So, I hired Balesteri Construction to be my contractors to do a design/build for my farm where I would be the owner/builder. They even helped me pick the best lot to buy that would be the easiest to build upon compared to four other fields. They were excited to build the whole farm house from the very start to the very finish. However, they said they’d only build the housing “envelope” (whatever that was I was never really sure) and that I had to do the driveway, water, electricity, and landscaping by myself. At first, I couldn’t figure out how to do any of that. So, that’s when Starbucks became my office.
I would go to Starbucks everyday to get a nonfat Chai latte and sit in an overstuffed chair. I know that sounds pretty decadent…but it’s really not. You see, I was really nervous and had to calm down because I had no secretary or an army of supportive people all around me. So, I did everything myself. I called the Monterey County Building Department, got to know the planners, and they were really nice. I always asked them how they were doing and I remembered their names. One guy told me about how his family makes beautiful wooden violins in a very famous town in Mexico. I called every utility company, the water board, school board, tax board, and all seven agencies of the Monterey County Pmanning Department. I figured out how to use their public on-line internet system that someone had just invented but no one really knew how to use it except for two ladies and one guy in the planning department…and me. I hoofed it, stuck it out, sucked it up, bumped into all the walls, stubbed most of my toes and fingers, stuck my foot in my mouth a million times up to my ankles, until finally, I completed a list of 21 compliance of building requirements that I had to comply with… like wrapping large swaths of orange plastic around the trunks of fat oak trees. My tummy was in nervous knots.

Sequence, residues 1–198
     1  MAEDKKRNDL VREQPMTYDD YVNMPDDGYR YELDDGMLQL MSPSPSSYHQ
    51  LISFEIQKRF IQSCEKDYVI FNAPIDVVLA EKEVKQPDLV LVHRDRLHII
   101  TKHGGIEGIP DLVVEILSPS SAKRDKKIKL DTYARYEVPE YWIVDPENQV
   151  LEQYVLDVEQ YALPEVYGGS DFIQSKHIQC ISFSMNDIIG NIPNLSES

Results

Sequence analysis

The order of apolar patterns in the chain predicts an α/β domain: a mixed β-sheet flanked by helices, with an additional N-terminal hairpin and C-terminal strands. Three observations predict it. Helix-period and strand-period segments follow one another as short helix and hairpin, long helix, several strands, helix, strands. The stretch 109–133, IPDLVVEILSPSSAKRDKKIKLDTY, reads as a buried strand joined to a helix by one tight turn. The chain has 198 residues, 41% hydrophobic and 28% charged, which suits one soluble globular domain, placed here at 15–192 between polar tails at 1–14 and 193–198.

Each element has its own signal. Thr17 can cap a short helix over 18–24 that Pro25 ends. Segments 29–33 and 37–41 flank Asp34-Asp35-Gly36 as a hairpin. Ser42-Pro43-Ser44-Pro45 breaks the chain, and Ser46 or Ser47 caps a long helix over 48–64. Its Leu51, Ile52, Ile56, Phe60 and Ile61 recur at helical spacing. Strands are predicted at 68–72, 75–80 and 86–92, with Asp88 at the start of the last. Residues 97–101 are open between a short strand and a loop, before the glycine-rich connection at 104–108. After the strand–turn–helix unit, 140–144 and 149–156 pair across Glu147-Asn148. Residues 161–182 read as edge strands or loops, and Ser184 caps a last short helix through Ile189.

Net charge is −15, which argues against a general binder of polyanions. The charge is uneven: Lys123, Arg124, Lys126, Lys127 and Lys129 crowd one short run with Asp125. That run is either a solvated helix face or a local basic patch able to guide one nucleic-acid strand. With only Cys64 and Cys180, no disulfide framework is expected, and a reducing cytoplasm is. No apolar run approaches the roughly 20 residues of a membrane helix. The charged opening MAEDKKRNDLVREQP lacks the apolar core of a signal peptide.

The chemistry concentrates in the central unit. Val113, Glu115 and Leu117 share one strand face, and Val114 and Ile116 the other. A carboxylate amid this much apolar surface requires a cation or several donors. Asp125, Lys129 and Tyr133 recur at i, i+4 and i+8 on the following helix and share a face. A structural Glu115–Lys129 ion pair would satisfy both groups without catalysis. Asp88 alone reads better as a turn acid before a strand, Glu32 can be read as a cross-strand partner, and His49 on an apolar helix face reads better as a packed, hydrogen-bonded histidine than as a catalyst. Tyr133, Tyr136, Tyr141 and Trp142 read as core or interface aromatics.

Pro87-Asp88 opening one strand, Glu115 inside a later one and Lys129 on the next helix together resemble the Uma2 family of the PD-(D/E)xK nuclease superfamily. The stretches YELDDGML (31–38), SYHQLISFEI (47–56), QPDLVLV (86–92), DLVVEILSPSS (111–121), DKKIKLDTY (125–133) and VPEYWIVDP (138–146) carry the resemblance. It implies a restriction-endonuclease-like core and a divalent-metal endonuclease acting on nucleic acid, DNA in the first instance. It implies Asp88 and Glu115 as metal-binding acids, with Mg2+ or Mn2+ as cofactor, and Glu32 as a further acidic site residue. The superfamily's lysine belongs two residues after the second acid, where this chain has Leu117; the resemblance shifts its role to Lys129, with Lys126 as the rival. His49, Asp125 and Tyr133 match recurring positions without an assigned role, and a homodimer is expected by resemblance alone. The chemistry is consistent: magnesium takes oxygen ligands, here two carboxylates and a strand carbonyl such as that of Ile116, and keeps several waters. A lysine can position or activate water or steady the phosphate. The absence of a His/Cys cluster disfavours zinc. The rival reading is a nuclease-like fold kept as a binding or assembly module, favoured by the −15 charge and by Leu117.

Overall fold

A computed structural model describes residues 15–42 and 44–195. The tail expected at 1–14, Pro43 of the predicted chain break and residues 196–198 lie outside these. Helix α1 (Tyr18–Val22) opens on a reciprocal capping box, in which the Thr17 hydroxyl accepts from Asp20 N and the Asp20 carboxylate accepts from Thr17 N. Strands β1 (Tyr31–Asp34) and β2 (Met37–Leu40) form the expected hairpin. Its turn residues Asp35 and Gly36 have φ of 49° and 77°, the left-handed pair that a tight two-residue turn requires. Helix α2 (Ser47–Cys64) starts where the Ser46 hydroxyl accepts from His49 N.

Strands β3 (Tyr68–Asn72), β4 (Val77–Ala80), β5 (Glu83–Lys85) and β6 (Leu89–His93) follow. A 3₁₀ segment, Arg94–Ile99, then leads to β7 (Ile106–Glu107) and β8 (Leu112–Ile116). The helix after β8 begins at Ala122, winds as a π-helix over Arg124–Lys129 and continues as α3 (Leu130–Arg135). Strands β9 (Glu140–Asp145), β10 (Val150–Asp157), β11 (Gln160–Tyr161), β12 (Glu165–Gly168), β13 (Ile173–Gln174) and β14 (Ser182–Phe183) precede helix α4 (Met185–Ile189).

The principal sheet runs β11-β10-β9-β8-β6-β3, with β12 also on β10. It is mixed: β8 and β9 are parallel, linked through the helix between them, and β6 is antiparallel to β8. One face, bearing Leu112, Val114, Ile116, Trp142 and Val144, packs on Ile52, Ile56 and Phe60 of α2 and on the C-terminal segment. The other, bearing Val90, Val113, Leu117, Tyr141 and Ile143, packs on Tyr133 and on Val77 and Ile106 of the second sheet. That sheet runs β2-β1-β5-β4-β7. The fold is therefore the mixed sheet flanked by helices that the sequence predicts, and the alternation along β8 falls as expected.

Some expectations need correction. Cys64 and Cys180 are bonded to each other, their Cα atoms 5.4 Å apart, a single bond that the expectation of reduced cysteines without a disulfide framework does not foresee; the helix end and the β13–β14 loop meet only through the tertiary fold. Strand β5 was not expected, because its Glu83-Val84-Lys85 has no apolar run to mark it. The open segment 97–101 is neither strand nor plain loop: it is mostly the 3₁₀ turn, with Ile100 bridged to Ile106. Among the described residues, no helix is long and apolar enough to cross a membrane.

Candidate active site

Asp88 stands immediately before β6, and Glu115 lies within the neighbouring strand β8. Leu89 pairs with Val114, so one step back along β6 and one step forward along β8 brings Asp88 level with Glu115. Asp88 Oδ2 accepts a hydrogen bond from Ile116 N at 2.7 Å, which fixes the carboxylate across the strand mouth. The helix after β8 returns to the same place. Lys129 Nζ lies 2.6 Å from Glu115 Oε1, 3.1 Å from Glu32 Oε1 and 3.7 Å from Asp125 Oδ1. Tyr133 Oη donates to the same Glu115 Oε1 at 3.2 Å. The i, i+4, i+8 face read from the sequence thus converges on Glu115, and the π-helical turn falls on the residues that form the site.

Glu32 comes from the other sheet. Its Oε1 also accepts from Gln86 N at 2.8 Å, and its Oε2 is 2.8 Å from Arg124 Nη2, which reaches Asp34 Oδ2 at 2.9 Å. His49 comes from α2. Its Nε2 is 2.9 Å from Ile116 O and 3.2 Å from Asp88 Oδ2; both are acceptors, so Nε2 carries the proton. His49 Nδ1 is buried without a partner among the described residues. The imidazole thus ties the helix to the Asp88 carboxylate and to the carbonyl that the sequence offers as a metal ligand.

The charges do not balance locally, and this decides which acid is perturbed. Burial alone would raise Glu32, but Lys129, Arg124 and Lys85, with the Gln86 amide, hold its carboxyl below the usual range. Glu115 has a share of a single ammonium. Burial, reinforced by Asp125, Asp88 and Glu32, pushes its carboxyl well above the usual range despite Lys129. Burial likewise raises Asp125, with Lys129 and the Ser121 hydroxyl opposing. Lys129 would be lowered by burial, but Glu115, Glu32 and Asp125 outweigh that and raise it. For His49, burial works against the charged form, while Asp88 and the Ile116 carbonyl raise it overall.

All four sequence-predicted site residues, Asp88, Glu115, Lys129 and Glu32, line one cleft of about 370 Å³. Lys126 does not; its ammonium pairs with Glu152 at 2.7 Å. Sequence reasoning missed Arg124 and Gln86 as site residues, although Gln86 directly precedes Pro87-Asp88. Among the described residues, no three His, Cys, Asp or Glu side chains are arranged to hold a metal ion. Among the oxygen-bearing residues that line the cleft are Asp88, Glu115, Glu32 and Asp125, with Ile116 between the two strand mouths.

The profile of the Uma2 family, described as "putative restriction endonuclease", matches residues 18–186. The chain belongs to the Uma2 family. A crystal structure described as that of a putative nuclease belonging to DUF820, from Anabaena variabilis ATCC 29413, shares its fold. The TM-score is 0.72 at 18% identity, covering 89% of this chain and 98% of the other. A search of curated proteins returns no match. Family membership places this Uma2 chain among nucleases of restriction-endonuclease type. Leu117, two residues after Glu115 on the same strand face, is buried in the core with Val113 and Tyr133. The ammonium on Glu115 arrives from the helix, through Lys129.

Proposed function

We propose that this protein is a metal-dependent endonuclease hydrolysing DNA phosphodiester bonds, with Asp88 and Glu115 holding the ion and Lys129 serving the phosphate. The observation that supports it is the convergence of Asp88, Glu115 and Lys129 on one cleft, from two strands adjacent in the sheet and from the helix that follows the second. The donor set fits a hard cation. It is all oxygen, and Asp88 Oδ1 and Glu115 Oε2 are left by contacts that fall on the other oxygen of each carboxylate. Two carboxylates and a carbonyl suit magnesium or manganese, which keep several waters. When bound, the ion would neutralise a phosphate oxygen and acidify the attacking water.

Everyone had said there was no guarantee that Monterey County would ever grant me a building permit. Everbody said it could take years! As a matter of fact, they said Pacific Gas & Electric takes forever to get electricity way out there in my neck of the woods in Carmel Valley . They said it took the CEO of Google eleven years (and that CEO was pretty furious) before PGE brought him electricity when he built a house in the Santa Cruz Hills. I don’t actually know if what they say is true, but that’s what I heard.
I went to Balesteri Construction to meet with Anthony and Armando many times to design and draw the house plan.
We started building the house in January of 2016, but then we got rained out. It turns out that we had enough rain to fill all the reservoirs in California in just the one month. When I started to build my house, altogether, four tractors got stuck and sank in the mud, so we postponed building it until May, 2016.
The photo below shows the state of the dirt road to my house before we built the driveway up to the farm, with the contractors: Anthony Balesteri (aka A.B. Ice) and Armando (aka “Farmando”). Perhaps, you can see that they earned these names from this photo.
On January 16th, 2016, we started to build Lion Springs Lavender Farm. We felt very optimistic at out ground-breaking celebration with Armando, me, Anthony Balesteri, and, my good friend, Anjeanette Ohm, in the above photograph. We were determined to get the farm built!